À propos the latest Leavis Society newsletter: (i) Exploring Difference

 Duke Maskell

1.    The latest Leavis Society Newsletter is called “How to Disagree”. It doesn’t exactly say how to do it but it makes it pretty plain all the same. Do it nicely. Engage in dialogue with one another. Think aloud together. Explore your differences. Say what you have to say strongly and emphatically but also say equally strongly and equally emphatically that those who disagree with you, however strongly and emphatically, are free to say what they have to say strongly and emphatically too. And if someone should disagree with you so strongly and so emphatically that he might be suspected of wishing to be nasty, don’t take offence, don’t reply in kind, do as you say and as you would be done unto, show him you can take it, name his words … “robust”. This is, after all, just what Leavis meant by “yes, but …” and how he treated the Lords Annan and Snow. He explored his differences with them. And wouldn’t it be good if we still had him with us to explore his differences with Professor Belsey too?

2.   Professor During–especially recommended by the latest Newsletter–thinks there is a way of thinking (he speaks neither for not against it) in which, “the study of literature need involve no love of, or commitment to, literature”. But how, in this way of thinking, can it be known that what is being studied is literature? If I read (that is, scan all the sentences of)–let it be, of all the things it might be–Anna Karenina but feel no love for it, how can I be said to know that what I have just read/scanned the sentences of was literature?

3.   To speak, like Heward Wilkinson, of value-judgements as having a function, diminishing or not superseded or not, seems to me an odd and illiterate way of speaking (an illiteracy open only, of course, to those who are–we cannot say ‘highly educated’–part of the Higher Education Function) but how, putting that consideration to one side, can any member of such a thing as the Leavis Society hold in his mind the possibility that value-judgements are diminishing or superseded (what by?) in function (in ‘value’?) except by inhabiting a state of self-contradiction? Why, except upon the assumption of Leavis’s value (‘function’?) ever join such a society, let alone take a prominent part in it and take on the onerous (and not always rewarding?) task of editing the society’s newsletter? Why, if you just want a hobby, not join some other society altogether? Or knit?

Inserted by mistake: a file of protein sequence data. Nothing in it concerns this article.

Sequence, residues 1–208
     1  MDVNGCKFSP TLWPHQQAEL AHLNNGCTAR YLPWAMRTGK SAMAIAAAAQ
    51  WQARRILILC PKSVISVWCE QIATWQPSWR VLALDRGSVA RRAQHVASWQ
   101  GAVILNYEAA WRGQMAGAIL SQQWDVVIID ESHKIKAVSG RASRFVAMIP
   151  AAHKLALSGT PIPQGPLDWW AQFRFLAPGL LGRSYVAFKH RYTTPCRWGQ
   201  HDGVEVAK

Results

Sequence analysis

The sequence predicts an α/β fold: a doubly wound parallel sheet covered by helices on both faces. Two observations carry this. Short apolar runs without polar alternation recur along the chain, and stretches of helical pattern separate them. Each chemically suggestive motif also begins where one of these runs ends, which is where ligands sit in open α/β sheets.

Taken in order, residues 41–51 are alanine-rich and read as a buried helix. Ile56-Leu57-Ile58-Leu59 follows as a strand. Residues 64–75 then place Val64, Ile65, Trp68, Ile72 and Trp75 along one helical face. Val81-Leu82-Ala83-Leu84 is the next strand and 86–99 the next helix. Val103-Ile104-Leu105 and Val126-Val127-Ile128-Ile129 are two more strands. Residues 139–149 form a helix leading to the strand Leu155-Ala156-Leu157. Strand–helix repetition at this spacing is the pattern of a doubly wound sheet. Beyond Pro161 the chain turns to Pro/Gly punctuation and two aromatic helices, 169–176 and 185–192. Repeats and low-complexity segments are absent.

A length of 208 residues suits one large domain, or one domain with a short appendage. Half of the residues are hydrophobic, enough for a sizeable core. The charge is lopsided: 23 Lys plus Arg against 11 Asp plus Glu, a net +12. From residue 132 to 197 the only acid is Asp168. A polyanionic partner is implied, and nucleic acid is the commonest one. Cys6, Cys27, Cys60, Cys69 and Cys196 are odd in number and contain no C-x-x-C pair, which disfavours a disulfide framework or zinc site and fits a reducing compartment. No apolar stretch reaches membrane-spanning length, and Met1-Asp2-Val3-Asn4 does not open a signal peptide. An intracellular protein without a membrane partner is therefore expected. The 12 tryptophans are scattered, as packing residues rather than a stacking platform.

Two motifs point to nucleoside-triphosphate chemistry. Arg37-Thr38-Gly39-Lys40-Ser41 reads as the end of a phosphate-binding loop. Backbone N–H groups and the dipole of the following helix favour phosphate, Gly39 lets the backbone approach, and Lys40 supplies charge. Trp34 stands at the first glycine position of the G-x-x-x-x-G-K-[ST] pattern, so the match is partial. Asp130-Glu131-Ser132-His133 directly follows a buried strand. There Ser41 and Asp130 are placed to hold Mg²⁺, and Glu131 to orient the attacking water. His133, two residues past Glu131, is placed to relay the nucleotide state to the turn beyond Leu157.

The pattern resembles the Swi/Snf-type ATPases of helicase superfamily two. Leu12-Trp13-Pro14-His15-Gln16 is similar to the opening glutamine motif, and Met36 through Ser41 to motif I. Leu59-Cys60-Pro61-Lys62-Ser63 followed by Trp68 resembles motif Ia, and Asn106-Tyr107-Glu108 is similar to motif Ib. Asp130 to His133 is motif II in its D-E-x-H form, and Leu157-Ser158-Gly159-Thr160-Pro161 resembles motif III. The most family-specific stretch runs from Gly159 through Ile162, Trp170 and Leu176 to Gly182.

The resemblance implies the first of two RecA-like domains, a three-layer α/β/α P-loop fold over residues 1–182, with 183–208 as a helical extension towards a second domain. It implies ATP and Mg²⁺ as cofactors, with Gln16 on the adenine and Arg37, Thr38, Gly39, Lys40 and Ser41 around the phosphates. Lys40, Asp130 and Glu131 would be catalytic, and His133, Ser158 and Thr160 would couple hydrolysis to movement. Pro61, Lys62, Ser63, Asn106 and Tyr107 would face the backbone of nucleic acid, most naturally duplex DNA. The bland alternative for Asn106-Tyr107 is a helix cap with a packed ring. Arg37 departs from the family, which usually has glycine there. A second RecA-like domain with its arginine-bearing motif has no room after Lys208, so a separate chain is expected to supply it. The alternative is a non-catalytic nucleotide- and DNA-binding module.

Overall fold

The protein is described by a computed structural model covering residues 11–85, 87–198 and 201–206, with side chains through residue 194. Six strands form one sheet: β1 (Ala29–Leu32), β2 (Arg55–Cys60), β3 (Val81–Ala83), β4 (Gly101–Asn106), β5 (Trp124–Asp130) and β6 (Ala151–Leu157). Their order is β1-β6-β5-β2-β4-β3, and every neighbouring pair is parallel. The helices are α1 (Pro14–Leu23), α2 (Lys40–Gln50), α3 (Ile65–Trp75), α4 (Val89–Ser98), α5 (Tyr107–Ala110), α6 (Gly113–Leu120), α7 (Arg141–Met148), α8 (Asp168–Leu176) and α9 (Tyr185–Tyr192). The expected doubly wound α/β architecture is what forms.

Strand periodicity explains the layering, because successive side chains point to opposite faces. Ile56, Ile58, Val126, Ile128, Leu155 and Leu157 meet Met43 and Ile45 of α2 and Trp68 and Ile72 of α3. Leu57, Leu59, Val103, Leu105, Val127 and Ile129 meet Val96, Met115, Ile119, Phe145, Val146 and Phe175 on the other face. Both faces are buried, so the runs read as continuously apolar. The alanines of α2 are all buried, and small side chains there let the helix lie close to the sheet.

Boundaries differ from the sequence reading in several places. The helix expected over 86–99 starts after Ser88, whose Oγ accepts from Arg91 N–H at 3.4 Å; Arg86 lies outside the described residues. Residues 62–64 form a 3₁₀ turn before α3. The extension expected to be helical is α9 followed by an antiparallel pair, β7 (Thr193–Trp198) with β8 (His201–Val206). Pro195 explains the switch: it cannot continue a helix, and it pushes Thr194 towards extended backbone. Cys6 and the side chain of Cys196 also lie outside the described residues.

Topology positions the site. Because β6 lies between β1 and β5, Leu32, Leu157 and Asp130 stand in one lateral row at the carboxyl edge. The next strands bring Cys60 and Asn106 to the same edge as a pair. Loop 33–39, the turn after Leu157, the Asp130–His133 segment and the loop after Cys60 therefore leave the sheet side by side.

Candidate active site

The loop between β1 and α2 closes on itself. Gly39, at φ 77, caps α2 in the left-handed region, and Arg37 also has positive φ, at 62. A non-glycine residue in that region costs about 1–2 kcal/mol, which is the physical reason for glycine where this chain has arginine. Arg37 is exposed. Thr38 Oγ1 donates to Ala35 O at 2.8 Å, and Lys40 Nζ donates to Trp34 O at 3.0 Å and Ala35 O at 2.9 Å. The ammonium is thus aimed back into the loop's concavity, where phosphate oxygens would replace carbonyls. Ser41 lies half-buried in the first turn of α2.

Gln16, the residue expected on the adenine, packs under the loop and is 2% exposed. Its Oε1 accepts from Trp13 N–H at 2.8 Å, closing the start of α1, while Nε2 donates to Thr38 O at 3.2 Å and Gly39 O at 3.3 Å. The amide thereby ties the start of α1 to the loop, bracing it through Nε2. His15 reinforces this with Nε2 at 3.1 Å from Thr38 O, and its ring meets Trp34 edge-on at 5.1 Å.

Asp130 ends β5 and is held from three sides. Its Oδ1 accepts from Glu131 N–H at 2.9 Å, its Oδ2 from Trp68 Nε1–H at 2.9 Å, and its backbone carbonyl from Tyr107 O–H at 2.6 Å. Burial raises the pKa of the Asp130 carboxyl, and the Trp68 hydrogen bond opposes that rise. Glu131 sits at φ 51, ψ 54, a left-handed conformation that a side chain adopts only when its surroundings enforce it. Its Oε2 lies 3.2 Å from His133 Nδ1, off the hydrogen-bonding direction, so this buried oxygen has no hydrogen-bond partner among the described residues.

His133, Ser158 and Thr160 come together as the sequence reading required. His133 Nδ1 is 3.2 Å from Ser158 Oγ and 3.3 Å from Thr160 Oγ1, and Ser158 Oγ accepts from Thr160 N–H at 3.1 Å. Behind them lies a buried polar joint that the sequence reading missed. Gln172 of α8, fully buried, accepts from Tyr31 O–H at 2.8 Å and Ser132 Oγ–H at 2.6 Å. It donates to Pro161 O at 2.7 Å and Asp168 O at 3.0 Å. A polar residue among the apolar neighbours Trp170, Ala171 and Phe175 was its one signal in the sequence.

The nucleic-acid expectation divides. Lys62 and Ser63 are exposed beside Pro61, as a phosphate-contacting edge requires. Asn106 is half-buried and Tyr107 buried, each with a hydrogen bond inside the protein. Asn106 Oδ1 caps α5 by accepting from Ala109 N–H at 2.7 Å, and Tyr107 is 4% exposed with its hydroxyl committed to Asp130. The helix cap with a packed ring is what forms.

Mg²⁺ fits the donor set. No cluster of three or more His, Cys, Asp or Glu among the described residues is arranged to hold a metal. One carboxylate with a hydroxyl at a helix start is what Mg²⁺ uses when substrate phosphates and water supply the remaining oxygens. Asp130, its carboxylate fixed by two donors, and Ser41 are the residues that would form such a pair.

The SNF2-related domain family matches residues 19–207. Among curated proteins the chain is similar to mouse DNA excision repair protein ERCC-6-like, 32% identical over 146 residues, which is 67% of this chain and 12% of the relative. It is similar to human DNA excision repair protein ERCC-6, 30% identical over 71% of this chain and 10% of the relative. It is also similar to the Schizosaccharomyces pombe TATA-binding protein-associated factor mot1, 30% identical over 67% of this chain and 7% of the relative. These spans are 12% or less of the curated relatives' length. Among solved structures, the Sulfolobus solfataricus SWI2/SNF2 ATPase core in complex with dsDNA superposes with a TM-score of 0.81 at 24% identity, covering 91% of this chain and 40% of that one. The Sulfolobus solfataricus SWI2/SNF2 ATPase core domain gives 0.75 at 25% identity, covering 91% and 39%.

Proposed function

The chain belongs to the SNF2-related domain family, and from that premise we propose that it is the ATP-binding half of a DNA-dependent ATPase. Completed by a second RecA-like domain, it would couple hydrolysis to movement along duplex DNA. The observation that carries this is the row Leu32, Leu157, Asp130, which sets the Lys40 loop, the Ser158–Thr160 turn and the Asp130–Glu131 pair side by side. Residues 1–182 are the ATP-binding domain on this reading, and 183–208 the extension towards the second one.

4.   Professor Catherine Belsey doesn’t just hold in her mind the possibility that value-judgements have gone the journey, she “rejects this foundational insistence upon valuation as misconceived” altogether. And good riddance. But isn’t this another self-contradiction? Firstly, isn’t there a valuation entailed in rejecting valuations as misconceived (or whatever )? Doesn’t she found her own rejection of valuations on a valuation? Secondly, what does she think got her the professorship (and the salary and the dignities which go with it) that gets her invited to give her opinion on valuation or anything else? Does she think her merit–and the merits of rivals for promotion–didn’t enter into it? Does she perhaps think she didn’t deserve her elevation, because the idea of a ‘deserving’ based on merit is misconceived? Does she think we might be as well off going to listen to somebody else? Or no-one. Picking our noses? Catherine Belsey: does she think? (For a strong and emphatic answer to that see Brian Lee’s “Theory in the Void”.)